Pretending to be someone you are not may lead to a criminal impersonation charge. This is a serious offense that carries potentially severe penalties. In New York, criminal impersonation in the second degree is a class A misdemeanor. Criminal impersonation in the first degree is a class E felony. Michael A. Arbeit, P.C. defends individuals throughout Nassau, Suffolk, Queens, Brooklyn, Manhattan, and the Bronx, who have been charged with criminal impersonation and false personation. Here is what you need to know.
Criminal Impersonation in the Second Degree
A person may commit criminal impersonation in the second degree by impersonating another and doing an act of such assumed character with the intent to obtain a benefit or to injure or defraud another. In order to be found guilty of criminal impersonation by impersonating another, it must be proven that the defendant pretended to be a particular person who actually exists. This form of criminal impersonation can constitute a continuing offense because one can impersonate another with the intent to default not only with a single act but also by a series of acts constituting a pattern of behavior.
A person may also criminal impersonation in the second degree by pretending to be a representative of some person or organization. To be found guilty under this theory, a defendant need not assume the identity of another person but need only, with the requisite intent, present to a representative or agent of another person or an organization. One example is when someone pretends to work for a utility company and thereby gains entry into and burglarizes the victim’s home. Another example is when a person solicits donations posing as a fundraiser for a charity.
Criminal impersonation in the second degree may also be committed by a person who pretends to be a public servant. The same holds true for a person who falsely expresses through words or actions that he or she is a public servant or poses as a public servant by wearing or displaying without authority any:
- Identification card
- Any other official insignia or emblem
One who pretends to be a public servant must do so in order to induce another person to submit or rely upon the defendant’s pretended authority. However, the other person need not actually submit to or reply to it. It is likewise unlawful to pretend to be another person via online communication or electronic means with the intent to obtain a benefit or injure or defraud another.
Criminal Impersonation in the First Degree
This crime is committed by a person who poses as a police officer with the intent to induce another to submit to such pretended official authority or otherwise to act in reliance upon such pretense. It involves knowingly and intentionally impersonating a police officer or another public servant and carrying out a serious criminal act. For example, stealing from another person after stopping him by falsely claiming to be exercising the authority of a police officer constitutes criminal impersonation in the first degree, not to mention the crime of robbery. A person is guilty of criminal impersonation in the first degree by posing as a police officer by:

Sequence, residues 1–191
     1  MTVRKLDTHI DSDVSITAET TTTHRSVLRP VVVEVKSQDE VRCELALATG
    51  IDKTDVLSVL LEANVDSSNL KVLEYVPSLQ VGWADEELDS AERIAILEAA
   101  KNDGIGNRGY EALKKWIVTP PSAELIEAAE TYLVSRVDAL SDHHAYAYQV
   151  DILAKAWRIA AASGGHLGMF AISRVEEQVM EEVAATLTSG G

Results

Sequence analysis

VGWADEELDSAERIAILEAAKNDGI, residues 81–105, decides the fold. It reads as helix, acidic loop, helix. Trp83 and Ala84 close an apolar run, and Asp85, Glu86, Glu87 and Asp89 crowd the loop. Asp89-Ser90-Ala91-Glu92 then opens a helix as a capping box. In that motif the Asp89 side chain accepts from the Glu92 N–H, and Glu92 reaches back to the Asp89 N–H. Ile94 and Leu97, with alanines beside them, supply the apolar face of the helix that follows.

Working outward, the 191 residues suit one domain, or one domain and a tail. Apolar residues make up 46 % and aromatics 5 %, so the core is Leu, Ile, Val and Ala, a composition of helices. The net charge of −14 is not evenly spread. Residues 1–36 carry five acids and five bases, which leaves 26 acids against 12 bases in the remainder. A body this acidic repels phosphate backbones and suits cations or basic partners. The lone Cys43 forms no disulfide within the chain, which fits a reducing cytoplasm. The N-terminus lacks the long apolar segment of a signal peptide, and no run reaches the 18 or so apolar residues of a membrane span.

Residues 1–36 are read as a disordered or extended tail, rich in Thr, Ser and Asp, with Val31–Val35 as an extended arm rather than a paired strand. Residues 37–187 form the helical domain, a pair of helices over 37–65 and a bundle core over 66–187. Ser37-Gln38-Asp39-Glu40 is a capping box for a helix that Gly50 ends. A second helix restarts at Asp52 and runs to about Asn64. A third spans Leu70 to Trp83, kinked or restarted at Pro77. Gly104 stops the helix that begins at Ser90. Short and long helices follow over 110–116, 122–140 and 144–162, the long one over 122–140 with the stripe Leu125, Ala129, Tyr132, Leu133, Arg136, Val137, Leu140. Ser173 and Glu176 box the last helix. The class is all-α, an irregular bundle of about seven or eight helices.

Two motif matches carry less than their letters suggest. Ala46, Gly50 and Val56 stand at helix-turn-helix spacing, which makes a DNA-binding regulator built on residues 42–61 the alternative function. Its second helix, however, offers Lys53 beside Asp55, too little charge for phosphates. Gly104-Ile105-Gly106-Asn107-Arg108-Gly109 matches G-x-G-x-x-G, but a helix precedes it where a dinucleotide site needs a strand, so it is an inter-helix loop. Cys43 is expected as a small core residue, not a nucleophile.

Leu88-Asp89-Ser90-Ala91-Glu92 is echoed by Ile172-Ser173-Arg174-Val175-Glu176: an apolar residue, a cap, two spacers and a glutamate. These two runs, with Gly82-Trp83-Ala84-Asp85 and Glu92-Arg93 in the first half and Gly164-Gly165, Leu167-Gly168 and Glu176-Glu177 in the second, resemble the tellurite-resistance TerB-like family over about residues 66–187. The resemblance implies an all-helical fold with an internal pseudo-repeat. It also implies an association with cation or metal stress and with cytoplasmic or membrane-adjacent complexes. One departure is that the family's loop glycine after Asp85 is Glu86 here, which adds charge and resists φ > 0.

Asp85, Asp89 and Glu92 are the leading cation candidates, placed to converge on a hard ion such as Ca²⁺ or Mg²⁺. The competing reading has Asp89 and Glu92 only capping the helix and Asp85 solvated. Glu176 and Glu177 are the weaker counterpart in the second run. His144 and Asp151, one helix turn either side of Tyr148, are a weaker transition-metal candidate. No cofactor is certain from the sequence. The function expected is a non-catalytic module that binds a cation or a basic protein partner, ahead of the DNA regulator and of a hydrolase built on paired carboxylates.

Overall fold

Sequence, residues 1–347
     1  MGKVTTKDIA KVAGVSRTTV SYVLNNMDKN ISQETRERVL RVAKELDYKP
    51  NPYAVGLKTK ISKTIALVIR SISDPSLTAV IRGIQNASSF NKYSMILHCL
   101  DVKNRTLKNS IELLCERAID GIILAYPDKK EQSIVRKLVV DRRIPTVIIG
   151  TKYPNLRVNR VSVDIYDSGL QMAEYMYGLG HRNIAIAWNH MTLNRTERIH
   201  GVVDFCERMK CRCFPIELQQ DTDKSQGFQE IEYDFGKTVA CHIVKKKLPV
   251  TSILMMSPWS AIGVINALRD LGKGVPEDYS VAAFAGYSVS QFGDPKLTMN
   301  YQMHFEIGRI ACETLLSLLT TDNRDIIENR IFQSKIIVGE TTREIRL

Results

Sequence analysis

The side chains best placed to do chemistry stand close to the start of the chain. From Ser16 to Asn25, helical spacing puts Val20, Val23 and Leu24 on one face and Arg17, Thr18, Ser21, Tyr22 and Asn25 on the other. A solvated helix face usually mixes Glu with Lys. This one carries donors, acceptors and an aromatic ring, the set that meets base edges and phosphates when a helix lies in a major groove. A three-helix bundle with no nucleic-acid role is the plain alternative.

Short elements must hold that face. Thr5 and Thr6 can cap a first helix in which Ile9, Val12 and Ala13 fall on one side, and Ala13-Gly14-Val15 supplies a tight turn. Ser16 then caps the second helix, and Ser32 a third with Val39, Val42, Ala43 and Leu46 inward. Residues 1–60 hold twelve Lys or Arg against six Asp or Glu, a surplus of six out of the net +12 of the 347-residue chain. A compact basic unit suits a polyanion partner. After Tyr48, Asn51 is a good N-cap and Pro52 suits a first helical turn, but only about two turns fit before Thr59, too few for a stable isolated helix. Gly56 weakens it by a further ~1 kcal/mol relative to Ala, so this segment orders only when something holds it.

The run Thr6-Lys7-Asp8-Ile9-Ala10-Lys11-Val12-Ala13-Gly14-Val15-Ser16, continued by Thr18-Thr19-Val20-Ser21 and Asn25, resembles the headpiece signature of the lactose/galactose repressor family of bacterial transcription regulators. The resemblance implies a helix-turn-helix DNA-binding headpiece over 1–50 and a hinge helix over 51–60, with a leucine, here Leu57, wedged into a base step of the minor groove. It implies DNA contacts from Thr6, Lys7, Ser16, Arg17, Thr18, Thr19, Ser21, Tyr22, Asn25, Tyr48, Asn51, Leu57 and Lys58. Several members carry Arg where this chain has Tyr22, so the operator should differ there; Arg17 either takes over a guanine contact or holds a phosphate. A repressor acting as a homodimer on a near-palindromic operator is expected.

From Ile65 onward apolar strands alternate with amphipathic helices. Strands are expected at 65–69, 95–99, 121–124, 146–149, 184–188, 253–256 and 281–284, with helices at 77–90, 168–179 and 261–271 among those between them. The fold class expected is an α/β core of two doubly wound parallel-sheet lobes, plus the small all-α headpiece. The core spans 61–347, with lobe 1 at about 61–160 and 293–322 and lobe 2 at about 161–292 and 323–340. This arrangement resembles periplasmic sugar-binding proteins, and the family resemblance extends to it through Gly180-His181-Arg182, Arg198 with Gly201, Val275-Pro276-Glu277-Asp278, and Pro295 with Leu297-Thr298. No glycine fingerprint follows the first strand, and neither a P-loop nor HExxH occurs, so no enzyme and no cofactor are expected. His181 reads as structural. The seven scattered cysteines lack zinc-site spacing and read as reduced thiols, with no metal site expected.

- Using express words to misrepresent himself or herself as a police officer
- Giving the appearance of being a police officer by wearing or displaying a uniform, badge or police insignia without authority
- Committing any acts or deeds to give the impression that he or she is a police officer or has the authority or approval of any police department
This crime is applicable to those who pretend to be:
- Police officers including federal law enforcement officials
- Governmental officials
Another form of criminal impersonation in the first degree is committed when a person pretends to be a duly licensed physician or other professional authorized to issue a prescription for any drug or any instrument or device used in the taking or administering of drugs for which a prescription is required by law and, while doing so, gives an oral prescription to a pharmacist.
Although it is generally considered to be a less serious offense, a person may commit the crime of false personation by misrepresenting his or her name, date of birth, or address to a police officer with the intent to hide his or her true identity. This crime does not involve assuming the identity of someone else. Instead, you are simply giving false information about who you are, which is commonly done out of fear that revealing your true identity will put you in jeopardy.
Choose Long Island Criminal Impersonation Defense Lawyer Michael A. Arbeit, P.C.
Anyone who has been charged with criminal impersonation should immediately seek the advice of an experienced New York defense lawyer to protect their rights and mount the strongest defense possible. If you are facing a criminal impersonation charge, contact Michael A. Arbeit, P.C., Long Island’s leading criminal defense law firm, today to discuss your case.